This is my favorite kind of fall day, and I had no idea that the weather would be like this in Washington. That’s one thing I like about moving to a new place every couple of years — every season, every climate, every two-lane road, every street corner holds a new discovery. Each and every new day you learn something new about your new home, so you never really take your area for granted.
Every time I head to town and the clouds are gone from the west part of the sky, I am amazed and enthralled by the Olympics Mountains. When I’m heading out with J, I’ll interrupt her or myself to exclaim over the beauty of the snow-covered mountains, as she smiles indugently at me. She’s used to it, having grown up on the Puget Sound her entire life, so seeing Mt Rainier at sunrise as we take the ferry to Seattle is nothing exciting to her. In fact, I didn’t know we could see Mt Rainier from town until I was out with her and I noticed it off on the horizon. To me, it’s majestic gorgeousness.
But today was the most perfect fall weather. There was a tiny nip in the air, enough to let us know that summer has really ended and winter is coming soon, but still warm enough to not need a jacket. People have lit their wood fireplaces, enhancing the sense of impending autumn with the aroma of woodsmoke.
And it was gorgeously sunny. The kind of day where you can’t believe the sky is so blue and the clouds are so white and fluffy. The sunlight just sort of slanted through the trees that are changing colors, adding a rose tint to the world.
It’s the kind of day to be happy you’re alive, because even though the world is getting ready for its hibernation through the winter, you can still see the beauty in its preparations. I wasn’t sure when we first moved here and noticed all the evergreen trees whether we would still experience the fall foliage, but my fruit trees have already turned a gorgeous shade of crimson. The contrast with the still-green cedar trees all around us is just lovely.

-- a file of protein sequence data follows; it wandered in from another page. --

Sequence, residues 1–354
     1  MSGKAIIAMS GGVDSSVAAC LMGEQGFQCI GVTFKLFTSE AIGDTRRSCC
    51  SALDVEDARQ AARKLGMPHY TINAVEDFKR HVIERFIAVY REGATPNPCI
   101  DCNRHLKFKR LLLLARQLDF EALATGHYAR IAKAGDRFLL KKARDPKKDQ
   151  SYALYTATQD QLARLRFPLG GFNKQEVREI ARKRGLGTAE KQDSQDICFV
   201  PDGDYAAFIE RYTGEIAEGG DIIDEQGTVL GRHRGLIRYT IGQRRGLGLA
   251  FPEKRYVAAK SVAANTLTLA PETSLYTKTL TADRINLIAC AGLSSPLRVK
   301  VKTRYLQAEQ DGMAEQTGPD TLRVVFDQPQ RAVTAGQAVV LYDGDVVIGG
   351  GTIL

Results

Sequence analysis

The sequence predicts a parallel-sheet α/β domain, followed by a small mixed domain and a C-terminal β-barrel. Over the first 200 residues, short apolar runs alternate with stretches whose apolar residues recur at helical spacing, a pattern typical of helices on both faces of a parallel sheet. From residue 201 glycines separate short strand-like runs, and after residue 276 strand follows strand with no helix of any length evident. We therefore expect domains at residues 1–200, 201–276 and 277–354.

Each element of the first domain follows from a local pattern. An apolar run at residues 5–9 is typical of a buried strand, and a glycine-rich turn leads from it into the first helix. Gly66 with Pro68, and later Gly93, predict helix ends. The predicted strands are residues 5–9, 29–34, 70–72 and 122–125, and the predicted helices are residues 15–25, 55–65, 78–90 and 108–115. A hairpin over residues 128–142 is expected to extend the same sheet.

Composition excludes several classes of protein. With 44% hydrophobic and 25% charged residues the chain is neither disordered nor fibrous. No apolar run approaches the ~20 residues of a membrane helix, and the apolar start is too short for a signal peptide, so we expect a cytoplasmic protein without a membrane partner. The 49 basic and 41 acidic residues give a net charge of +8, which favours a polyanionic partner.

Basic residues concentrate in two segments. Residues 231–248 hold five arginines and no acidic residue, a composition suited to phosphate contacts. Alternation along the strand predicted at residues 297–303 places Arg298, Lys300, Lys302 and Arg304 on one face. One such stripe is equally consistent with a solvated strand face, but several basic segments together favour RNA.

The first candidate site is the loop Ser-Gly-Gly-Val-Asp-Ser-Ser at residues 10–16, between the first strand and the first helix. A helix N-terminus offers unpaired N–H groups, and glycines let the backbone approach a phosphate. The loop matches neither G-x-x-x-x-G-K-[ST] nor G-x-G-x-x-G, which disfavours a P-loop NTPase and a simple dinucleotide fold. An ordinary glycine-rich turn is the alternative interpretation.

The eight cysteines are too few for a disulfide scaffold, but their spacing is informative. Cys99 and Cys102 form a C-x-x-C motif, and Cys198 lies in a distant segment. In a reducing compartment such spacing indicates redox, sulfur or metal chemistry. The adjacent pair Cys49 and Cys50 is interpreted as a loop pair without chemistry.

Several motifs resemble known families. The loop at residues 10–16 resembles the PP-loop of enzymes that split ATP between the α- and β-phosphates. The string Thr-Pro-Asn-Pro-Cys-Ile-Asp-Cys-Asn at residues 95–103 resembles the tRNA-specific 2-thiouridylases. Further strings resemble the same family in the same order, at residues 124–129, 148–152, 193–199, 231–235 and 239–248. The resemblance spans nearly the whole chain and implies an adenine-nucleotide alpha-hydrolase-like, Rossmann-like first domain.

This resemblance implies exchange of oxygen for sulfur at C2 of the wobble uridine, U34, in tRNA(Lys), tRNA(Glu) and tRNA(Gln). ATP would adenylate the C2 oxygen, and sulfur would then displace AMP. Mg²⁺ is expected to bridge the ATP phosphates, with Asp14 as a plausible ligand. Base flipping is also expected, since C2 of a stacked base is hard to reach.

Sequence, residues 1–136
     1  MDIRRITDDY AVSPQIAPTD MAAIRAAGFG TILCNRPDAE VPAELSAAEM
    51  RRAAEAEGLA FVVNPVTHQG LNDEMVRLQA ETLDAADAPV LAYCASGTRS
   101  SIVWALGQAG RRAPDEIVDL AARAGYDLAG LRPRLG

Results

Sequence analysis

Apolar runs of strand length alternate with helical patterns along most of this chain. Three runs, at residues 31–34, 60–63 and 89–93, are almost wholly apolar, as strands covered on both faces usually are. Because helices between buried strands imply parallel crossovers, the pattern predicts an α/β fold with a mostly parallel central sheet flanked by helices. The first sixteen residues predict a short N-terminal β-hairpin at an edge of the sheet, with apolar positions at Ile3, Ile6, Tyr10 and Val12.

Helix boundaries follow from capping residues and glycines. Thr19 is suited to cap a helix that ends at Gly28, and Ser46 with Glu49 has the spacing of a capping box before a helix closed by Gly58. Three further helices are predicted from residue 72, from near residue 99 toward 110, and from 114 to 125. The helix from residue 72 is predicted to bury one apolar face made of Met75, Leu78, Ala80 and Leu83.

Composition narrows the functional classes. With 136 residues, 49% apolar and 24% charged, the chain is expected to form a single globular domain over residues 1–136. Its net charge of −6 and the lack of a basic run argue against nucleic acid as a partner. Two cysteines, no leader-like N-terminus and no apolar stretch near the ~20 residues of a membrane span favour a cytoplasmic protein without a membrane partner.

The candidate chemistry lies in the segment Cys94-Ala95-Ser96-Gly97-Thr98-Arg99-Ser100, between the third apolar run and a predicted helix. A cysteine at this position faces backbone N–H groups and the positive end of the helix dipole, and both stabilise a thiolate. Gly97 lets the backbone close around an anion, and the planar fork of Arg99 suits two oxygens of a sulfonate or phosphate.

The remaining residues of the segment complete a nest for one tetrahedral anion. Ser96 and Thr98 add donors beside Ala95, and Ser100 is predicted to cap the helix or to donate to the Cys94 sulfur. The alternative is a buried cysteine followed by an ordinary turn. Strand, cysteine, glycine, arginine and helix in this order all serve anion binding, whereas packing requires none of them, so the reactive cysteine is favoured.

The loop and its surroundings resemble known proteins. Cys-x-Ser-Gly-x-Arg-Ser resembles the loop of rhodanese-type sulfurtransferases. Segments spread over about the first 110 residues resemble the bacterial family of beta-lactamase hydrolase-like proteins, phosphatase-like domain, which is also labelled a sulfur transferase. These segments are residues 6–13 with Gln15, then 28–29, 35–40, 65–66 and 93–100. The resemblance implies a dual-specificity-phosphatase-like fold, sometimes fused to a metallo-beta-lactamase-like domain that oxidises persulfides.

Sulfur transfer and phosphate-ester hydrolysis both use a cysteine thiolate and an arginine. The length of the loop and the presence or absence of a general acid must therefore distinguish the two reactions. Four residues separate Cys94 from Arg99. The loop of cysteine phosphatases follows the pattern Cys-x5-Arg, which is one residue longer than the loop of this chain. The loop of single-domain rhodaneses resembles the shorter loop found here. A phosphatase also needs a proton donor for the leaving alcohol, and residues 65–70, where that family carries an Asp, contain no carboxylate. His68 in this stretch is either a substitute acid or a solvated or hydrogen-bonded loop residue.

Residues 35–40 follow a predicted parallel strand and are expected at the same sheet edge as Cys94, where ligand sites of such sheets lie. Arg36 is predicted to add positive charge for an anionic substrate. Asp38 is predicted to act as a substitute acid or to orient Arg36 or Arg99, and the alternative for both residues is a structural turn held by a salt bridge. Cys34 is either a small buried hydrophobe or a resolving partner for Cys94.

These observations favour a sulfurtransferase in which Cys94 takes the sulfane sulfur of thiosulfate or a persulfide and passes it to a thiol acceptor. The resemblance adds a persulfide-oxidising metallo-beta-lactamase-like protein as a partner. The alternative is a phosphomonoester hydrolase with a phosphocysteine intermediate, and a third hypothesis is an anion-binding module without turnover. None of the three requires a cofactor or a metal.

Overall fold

These kind of days are for some reason imprinted on my mind. I notice them so much more for the way it brings me back to my childhood in northern Virginia, on a lazy Saturday afternoon when our trees, all three sugar maples in a small yard, were turning to shades of vermilion, gold, and burnt sienna. I can remember raking leaves with my sister, and then jumping in the piles, inhaling the lovely scent of dried leaves. I can remember playing soccer in the cul-de-sac with the girl who lived down the street on just such a day, getting too warm because of the exercise and stripping off my jacket. I can remember riding on our bikes down the Colonial Parkway in Williamsburg with my friend in college on a day like this, and laughing for the sheer joy of being alive and free.
The other time period imprinted on my mind in that same way is Christmas of my freshman year in college. There is so much than can bring back the memories of that year — the hint of a fir candle, the twinkle of icicle lights, “Tubthumping” (or any other song on that CD) by Chumbawumba.
I seem to be transplanted back into my tiny room, with my roommate’s furniture on one wall and mine on the other. We lit our room mostly that season with white Christmas lights strewn across the walls. I almost always had my bayberry candles lit, making the room smell like an evergreen forest. And Chumbawumba was always on the stereo. It was so warm in my room, but with a slight chill because my roommate always left her window open. But I can still see that room, in its Christmas light glow against the black of the night sky, feel the warmth and the chill simultaneously on my skin, and inhale the scent of bayberries from my candle. It’s a memory so laden with not just the recollection of an activity or occurrence, but also involving all of my sensory organs. It’s amazing, really, how I recall that so vividly, and I’m not even sure why I do.
But even though my freshman year was not a very happy experience, it’s a memory I will always cherish because it reminds me of how good it is to be here on this earth, no matter what season it happens to be or where I happen to be living.